‛I see. And how long will that take?’
An impossible question. How long was your average piece of string? ‛It depends on so many things. The weather, obviously, and man hours, but more importantly how much rubble we have to shift first.’
The smile was getting thinner all the time. ‛That’s a pity. I was hoping you had a magic wand.’
I raised both my hands and waggled them. ‛Sorry. No wand. But while you’re here, why don’t I give you a tour of the site? We might not have managed much progress since I last spoke to you, but there are a few finds coming up that strongly suggest it was a religious site.’
‛I think the board would prefer it if there weren’t.’ He examined his fingernails as though they were the most interesting thing on earth.
I glanced up pretty sharply at that. Was he suggesting what I thought he was suggesting? That I falsify our records or magic the finds away? Surely not. I must have misunderstood. ‛You know that’s not possible. All rescue digs have to be completed and written up into a formal report. I can’t change that. It’s the law.’ And a damn useful law it is too, when people stick to it.
‛I know, I know. I wasn’t really… well, you know. I’m in an awkward position here. I could do with your help.’
He flashed that glittering smile again, and crinkled the lines at the side of his eyes. Eyes that were a vivid shade of blue and set just a bit too close together, giving him a cross-eyed look. That’s what had reminded me of Sven, I realised. The memory sent a thrill up my spine and along my limbs, but the memories weren’t happy ones and even after all this time it was less about excitement and more about dread. Besides, all the smiles in the world won’t change a legal requirement. ‛I’m sorry. Really. But I’d be failing in my job as County Archaeologist if I agreed to anything underhand.’
The eyes opened very wide. ‛Oh, no, I’m not suggesting anything like that. I’m simply saying that if there’s anything you can do to make the work go faster, it would smooth things over with Michael and Angelo.’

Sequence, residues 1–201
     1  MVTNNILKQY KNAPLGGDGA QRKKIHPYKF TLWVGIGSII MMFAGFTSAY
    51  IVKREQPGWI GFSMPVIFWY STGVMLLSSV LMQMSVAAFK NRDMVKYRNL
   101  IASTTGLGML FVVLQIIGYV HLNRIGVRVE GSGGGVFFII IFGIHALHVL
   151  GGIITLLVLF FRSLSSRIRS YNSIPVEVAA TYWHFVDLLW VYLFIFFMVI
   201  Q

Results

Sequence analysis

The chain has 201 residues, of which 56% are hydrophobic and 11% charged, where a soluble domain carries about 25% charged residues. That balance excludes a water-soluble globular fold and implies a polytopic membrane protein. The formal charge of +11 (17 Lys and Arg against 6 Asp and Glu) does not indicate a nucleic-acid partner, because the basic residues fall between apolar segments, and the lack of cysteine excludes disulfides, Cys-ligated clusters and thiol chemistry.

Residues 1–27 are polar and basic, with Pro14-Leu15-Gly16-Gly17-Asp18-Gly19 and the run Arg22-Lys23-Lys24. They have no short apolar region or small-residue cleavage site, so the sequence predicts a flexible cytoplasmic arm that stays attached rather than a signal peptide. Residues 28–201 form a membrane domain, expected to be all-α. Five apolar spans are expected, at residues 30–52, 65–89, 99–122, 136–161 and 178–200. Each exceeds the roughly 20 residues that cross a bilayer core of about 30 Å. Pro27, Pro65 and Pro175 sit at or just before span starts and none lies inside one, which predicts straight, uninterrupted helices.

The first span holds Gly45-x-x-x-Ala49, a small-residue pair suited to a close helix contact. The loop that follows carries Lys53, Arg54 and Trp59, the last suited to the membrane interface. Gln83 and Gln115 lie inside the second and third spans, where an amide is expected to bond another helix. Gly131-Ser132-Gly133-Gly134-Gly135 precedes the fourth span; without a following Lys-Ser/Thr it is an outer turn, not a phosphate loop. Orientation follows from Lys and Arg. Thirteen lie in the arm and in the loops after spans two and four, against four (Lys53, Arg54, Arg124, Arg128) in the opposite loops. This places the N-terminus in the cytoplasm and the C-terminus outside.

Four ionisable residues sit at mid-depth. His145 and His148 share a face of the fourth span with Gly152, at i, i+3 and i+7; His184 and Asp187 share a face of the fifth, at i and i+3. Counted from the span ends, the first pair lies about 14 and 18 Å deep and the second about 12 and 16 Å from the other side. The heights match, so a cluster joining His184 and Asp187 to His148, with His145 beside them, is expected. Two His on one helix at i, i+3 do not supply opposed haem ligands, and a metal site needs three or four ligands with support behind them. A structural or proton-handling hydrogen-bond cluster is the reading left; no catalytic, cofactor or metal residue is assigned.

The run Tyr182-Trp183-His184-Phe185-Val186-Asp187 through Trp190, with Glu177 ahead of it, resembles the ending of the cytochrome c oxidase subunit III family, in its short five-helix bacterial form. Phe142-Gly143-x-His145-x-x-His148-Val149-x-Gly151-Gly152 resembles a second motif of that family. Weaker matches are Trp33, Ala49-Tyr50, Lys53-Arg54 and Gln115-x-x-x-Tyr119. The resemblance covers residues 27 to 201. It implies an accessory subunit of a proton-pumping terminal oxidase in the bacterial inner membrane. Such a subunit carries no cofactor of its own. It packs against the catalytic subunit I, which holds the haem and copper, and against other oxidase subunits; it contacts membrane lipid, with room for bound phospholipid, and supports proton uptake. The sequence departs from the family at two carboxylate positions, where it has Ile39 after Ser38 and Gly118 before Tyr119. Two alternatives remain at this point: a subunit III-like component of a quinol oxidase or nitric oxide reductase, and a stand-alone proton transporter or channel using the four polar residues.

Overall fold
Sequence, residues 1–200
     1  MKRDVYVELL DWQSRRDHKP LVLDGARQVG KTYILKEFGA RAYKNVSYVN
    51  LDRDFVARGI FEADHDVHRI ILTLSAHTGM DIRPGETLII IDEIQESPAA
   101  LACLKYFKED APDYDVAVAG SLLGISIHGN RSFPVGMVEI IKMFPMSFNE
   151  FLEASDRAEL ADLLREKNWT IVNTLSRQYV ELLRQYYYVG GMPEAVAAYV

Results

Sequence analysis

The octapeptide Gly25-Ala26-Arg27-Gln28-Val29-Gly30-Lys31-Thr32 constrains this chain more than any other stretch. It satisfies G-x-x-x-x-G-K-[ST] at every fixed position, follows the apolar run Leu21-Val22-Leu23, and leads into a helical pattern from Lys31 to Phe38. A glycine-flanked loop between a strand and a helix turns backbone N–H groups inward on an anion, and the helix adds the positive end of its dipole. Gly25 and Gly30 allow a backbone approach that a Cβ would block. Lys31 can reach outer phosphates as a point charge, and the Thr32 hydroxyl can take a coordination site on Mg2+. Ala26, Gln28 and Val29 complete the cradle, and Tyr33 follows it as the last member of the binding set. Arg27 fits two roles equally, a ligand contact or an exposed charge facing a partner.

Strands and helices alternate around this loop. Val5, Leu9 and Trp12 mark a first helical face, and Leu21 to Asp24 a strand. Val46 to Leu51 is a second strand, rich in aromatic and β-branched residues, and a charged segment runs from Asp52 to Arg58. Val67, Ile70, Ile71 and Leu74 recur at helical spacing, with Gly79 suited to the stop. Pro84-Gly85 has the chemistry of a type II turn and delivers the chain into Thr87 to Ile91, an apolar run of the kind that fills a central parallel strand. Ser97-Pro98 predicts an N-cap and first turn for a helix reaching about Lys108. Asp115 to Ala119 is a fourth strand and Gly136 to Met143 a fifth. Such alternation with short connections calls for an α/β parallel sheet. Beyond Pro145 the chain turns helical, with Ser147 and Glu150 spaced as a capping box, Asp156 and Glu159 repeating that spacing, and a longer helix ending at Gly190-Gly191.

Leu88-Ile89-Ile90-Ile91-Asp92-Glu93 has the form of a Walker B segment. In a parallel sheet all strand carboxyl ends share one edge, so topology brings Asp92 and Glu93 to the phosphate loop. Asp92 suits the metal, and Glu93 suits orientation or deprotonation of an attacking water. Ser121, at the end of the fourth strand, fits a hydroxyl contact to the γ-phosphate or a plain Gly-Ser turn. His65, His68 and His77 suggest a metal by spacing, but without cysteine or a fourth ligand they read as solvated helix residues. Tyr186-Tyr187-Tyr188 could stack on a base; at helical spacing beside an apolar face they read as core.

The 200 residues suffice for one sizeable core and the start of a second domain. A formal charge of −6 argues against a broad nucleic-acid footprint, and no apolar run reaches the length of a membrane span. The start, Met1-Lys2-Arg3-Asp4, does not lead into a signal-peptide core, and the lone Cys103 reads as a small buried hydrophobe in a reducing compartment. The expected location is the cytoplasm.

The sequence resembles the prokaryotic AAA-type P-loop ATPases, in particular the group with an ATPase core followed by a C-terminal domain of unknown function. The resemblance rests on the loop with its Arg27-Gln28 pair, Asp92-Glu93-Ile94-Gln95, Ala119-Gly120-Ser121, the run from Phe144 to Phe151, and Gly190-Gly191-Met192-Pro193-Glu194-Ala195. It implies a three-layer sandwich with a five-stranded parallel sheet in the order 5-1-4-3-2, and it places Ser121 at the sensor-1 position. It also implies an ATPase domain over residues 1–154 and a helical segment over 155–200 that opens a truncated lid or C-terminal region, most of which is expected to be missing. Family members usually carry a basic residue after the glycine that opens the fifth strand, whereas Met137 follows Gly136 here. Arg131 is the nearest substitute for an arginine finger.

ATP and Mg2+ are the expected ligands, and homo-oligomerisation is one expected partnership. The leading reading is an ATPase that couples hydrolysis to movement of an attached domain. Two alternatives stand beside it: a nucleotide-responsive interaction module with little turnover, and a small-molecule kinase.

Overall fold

I wasn’t sure if I believed him, but I promised to see what I could do. ‛Although with too few staff covering too many square metres, I’m not sure I can accomplish much.’
‛I might be able to do something about that,’ he said, and shook my hand, and left. It was only after he’d gone I realised he’d squirmed quite neatly out of the tour I’d offered him. And he’d left most of his tea cooling in the mug.
I lingered in my office, pretending to write up the day’s findings in the big journal I use. All the important stuff goes on a computer, of course, but I like to make my own notes so I can refer back to them when I’m constructing the official report. I can be a bit more creative, including sketches and annotations that wouldn’t fit into a word-processed document, and it’s a task I normally enjoy. For some reason, though, the words wouldn’t come. I spent most of the time doodling, or sitting with my feet up on the desk, cradling my own mug and trying to work out whether Paul’s visit was a friendly overture or a threat. I was no nearer a decision when I glanced at my watch and found it was nearly five o’clock and I’d never seen to that bead.
I emerged to find Jon putting away his tools while whistling something cheerful, which I took to mean his anger had faded away. Sure enough he took one look at my face and clapped a friendly hand on my shoulder blade. ‛Bad news?’
‛Yes. No. Well…’ I ran one hand over my face. ‛I’m still trying to work that one out. But the Spragges are running out of patience, apparently. I think he was trying to put the squeeze on me.’
‛I knew he was bad news the minute he walked in. Coming to site in a suit, for Christ’s sake. What did he expect? Red carpet to the door?’
When she isn’t being a pane in the glass, Fiona writes darkly humorous paranormal romance, often featuring gay characters and almost always with a twist in the tail. Her short stories have been published in anthologies and magazines including Mslexia, Paragraph Planet, and The Library of Rejected Beauty. Her books include gay paranormal romances ‘December Roses’, ‘Trench Warfare’ and ‘Echoes of Blood’ on Kindle, and paranormal romp ‘Got Ghosts?’ from Fox Spirit Books.
Fiona lives in a slate cottage within stone-throwing distance (never a good idea in Glass houses…) of England’s largest lake with her husband, several pot plants and a vast collection of books. She enjoys history, gardening and photography, and rarely has her nose far from the pages of a book – or a cup of tea.